Jack Armstrong

January 9 at Klehm and other places

I hadn’t been to Klehm yet this month, so I visited late this morning, arriving around 11:20 a.m. The parking lot had a lot of bird activity, most notably E. Bluebirds. There were 7 at the west end of the parking lot nearest to Clarcor Pavilion. With them were several White-throated Sparrows.

A bunch of Am. Robins were also in the trees nearby. Robins, E. Bluebirds and Cedar Waxwings (15) were feeding in a small crabapple near the small pond with bubbler just to the south.

Some pishing coaxed out 2 Red-breasted Nuthatches and more White-throated Sparrows near the Clarcor Pavilion, plus 7 more E. Bluebirds were feeding in the crabapple next to the building. I headed for the Taylor trail and investigated the center of the west loop. More pishing brought in 12 juncos, 2 more White-throated Sparrows, some cardinals and chickadees, and 2 Hermit Thrushes.

Back on the west loop paved trail, a small mixed flock of Common Redpolls and Pine Siskins flew over. I played a recording of C. Redpolls and the flock returned. I counted 11 C. Redpolls and 5 Pine Siskins in the flock. There were also 2 more Red-breasted Nuthatches in the conifers in the SW arc of the trail.

4 Eurasian Collared-doves were near the intersection of Halley and Tate Roads, NW of Rockford. A dark morph Rough-legged Hawk was at the Rockford airport.

Gasoline is $1.74/gal. at the Phillips station at the corner of Rockton and Riverside in NW Rockford.

Winnebago County gulls

There have been some interesting and challenging gulls in Winnebago County lately, including 2 that may be new county records.

On January 2, I had a Lesser Black-backed Gull at Rock Cut SP during the CBC. On January 4, also at Rock Cut, Brad Grover photographed (at a distance) 2 large first cycle gulls. From Brad’s description, these may be Great Black-backed Gulls. I went to Rock Cut yesterday afternoon from 3:30-4:45pm but those 2 gulls were not present while I was there. I did find 2 adult Thayer’s Gulls there.

A note about Rock Cut gulls: they don’t seem to stay very long. When I arrived at 3:30, a stream of gulls was flying over from West to East. They kept going. After 10-15 minutes, other gulls flew over and settled into the lake and ice. That is when I found the 2 Thayer’s Gulls. Lee Johnson arrived just in time to see the Thayer’s before they flew off.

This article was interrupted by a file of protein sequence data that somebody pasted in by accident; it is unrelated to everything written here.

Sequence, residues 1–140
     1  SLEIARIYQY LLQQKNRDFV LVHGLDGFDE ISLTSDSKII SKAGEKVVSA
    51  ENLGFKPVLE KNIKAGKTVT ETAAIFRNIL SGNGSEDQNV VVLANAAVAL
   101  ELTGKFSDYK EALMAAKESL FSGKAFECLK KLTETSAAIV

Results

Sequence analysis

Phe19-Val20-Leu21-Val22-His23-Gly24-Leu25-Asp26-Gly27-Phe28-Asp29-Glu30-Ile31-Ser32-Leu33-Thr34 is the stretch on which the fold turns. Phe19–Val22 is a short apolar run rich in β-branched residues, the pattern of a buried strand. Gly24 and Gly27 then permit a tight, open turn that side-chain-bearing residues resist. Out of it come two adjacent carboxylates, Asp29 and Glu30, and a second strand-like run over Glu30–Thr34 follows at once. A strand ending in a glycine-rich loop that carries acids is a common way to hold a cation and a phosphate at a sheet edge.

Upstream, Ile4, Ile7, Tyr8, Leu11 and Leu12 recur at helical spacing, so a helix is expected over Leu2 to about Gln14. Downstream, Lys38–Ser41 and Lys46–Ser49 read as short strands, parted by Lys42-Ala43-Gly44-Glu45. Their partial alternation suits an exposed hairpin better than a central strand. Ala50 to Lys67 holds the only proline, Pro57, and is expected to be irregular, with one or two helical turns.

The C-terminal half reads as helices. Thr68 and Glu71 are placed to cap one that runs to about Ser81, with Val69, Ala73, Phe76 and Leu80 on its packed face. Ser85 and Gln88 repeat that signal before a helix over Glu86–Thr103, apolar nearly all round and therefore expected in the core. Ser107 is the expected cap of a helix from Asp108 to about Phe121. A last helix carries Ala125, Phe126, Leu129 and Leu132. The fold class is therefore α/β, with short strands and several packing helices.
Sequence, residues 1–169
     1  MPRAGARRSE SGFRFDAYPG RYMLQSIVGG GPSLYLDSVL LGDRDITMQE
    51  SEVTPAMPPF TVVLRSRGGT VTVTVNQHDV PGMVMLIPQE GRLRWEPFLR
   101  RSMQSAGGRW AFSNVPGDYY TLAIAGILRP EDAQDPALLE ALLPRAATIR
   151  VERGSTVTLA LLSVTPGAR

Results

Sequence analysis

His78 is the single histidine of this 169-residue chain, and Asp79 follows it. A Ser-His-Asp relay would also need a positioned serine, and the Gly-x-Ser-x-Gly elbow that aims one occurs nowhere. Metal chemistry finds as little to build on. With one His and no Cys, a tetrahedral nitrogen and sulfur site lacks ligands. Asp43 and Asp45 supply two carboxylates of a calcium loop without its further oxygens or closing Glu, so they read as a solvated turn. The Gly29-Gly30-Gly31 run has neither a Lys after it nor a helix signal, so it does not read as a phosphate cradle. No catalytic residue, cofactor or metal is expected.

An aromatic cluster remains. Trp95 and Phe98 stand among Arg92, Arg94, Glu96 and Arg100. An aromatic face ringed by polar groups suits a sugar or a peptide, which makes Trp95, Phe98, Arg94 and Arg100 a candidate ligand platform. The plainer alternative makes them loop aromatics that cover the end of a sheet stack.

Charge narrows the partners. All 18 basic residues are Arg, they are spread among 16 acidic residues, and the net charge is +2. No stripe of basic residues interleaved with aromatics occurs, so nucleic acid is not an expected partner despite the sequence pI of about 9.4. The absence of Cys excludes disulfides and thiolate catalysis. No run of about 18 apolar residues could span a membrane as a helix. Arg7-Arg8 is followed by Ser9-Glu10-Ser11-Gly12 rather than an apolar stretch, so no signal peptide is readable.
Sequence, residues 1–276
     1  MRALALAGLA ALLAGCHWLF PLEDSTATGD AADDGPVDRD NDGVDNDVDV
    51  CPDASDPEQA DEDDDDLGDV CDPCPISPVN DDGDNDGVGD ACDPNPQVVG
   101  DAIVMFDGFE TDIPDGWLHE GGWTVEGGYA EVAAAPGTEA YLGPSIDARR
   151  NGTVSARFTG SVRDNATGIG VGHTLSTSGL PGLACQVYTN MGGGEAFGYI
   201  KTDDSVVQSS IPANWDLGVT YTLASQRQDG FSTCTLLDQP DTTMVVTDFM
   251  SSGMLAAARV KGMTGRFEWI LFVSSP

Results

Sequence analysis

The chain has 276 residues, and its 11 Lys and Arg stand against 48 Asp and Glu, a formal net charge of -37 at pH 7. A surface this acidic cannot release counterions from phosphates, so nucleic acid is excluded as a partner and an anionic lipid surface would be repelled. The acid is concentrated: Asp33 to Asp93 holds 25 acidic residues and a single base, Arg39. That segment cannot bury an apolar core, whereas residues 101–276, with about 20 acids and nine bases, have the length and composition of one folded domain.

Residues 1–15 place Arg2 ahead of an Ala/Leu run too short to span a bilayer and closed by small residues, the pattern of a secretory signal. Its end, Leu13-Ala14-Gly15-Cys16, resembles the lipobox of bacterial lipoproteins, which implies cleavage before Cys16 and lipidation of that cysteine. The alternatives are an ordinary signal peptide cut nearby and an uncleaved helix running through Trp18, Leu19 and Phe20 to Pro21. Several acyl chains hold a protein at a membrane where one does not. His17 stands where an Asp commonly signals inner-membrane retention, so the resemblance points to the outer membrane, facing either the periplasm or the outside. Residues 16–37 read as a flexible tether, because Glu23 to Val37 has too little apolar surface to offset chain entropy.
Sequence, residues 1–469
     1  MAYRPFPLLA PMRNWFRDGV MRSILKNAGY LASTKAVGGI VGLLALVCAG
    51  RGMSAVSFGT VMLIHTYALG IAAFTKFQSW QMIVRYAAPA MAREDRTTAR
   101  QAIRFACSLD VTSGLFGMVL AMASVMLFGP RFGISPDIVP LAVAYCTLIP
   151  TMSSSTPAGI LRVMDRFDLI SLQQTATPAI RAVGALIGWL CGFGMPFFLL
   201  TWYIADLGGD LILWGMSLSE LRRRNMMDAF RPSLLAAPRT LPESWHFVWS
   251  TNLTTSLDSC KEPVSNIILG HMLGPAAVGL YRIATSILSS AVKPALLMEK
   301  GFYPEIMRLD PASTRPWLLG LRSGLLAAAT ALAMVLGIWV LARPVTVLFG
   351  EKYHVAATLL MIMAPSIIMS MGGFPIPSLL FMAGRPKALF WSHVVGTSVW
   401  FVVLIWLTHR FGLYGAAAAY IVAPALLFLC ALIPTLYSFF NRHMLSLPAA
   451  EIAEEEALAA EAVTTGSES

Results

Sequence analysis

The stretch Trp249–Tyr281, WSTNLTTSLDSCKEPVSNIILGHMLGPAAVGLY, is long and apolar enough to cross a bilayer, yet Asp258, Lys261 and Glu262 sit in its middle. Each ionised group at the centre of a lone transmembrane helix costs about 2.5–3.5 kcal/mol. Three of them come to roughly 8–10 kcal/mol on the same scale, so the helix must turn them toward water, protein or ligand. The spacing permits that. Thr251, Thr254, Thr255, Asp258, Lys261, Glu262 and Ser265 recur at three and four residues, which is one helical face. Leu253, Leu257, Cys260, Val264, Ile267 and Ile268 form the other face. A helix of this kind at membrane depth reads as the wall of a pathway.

Today, I checked the landfill along IL 251/Edson Road on the Winnebago County side. Only 35-40 gulls were present, but 1 of them was an adult Lesser Black-backed Gull. This area should be regularly checked for gulls this winter.

Rock Cut CBC partial totals from Rock Cut SP

Yesterday, January 2, I was assigned to count the territory that included most of Rock Cut SP on the Rock Cut CBC. I started at the east end of the lake around 0745, when the park opened. As I counted up the endless number of Canada Geese and Mallards, I was interested in the Herring Gulls that kepy flying in from the east. When I got to the boat launch parking lot by the concession stand, the gulls were beginning to build and were cirling over the open water, and some were settling down on the ice to roost. I met Jack and Joyce Armstrong, who were also checking the lake. After they left, I started counting the Canada Geese at that end. I took a break after getting 1050 in the flock on the north side of the lake, and still had several thousand, I guessed, to go. So, I decided it would be fun to count the gulls. It was a nice surprise to find an adult Lesser Black-backed Gull sleeping on the ice with a lot of Herring Gulls and a few Ring-billed Gulls. So, I was able to reach Jack and Joyce on their cell and they returned to see the LBB.

My total count of Canada Geese between 0745 and 0930 was 4489. Other waterfowl included 1 Snow (blue) Goose, 4 Am. Black Ducks, 4 Common Goldeneye, and 5 Am. Coots. The 4 Common Mergansers that Larry Balch and I counted on January 1 could not be relocated.

The Black Scoter that had been on Pierce Lake since late November has not been seen in a week. Larry Balch looked, but was unable to find it on December 31, and neither the Rockford Bird Club field trip on 1/1, or Larry and I, were able to find it later on 1/1. I did not see it on 1/2.

I counted 31 Cedar Waxwings and 2 Eastern Bluebirds near the Harlem Road entrance at the Olson Annex. Jack and Joyce found a 3rd bluebird there (that is their territory on the count), plus found waxwings at the same place.

2 Red-breasted Nuthatches were in the White Pine stand at the driveway to Red Oak picnic area. Overall, land birds were very quiet and hard to locate, at least by me.